Thursday, March 1, 2012

Learn Our History Today: March 1

Learn Our History Today:  March 1st is quite a busy day in our history... 1781, the Articles of Confederation were ratified.  The Articles guided the nation until 1789, when the U.S. Constitution was implemented.    Then, in 1790, Congress ordered the first U.S. census.

And on March 1, 1872, President Ulysses S. Grant signed the first bill ever to set aside land as a national park.  That land is one of our nation’s most beautiful parks, and home to the cone geyser best known as Old Faithful, Yellowstone National Park.

In 1932, Charles Lindberg’s 20-month old son was kidnapped from the family home in Hopewell, New Jersey.  The Lindberg’s paid a $50,000 ransom but the baby was never returned.  Charles Lindberg, Jr. was found dead just a mile from the Lindberg’s mansion.  It looked like the case would go unsolved, but in 1934, a gas station attendant recorded the license plate number of a suspicious customer.  Turns out the customer paid with a marked bill from the ransom money.  The customer, a German immigrant named Bruno Hauptmann, was tracked down and detectives later found $14,000 of the ransom money in his home. He was convicted, and in April of 1936, he was executed by electric chair.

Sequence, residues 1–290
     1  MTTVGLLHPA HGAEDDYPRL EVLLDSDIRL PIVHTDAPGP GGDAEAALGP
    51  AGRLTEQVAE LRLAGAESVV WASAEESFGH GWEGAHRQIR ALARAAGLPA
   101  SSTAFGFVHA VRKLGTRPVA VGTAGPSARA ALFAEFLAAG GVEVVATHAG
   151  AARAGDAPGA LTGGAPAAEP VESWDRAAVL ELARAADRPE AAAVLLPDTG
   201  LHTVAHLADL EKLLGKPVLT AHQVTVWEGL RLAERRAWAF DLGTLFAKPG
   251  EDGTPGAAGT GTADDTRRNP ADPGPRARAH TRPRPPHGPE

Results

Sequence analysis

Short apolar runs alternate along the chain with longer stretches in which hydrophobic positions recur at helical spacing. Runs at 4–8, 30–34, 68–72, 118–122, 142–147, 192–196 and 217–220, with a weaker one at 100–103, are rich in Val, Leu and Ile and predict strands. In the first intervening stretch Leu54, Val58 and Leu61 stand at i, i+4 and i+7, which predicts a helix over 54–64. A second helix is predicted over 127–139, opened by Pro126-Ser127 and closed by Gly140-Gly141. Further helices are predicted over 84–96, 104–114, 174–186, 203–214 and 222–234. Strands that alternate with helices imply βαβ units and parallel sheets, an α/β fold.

On March 1, 1961, JFK established the Peace Corps, designed to send trained men and women to assist in the development efforts in foreign nations. In just the first week after JFK created the agency, Washington received thousands of letters from young Americans offering to volunteer.

And on March 1, 1971, a bomb exploded inside the Capitol building in Washington, D.C.  Fortunately, no on was harmed.  However, the bomb’s explosion caused $300,000 in damages.  A group called the “Weathered Underground” claimed responsibility for the attack in response to the U.S.-supported invasion of Laos.  The group was a radical faction of the Students for a Democratic Society, and they advocated violence-usually in the form of bombings and arson.  They also targeted the State Department, the Pentagon, the NYPD headquarters and the Long Island Court House.  No one was ever killed in their bombings because they always made bomb threats.  Three members of their group died on March 6, 1970 when the building in which they were constructing the bombs exploded!

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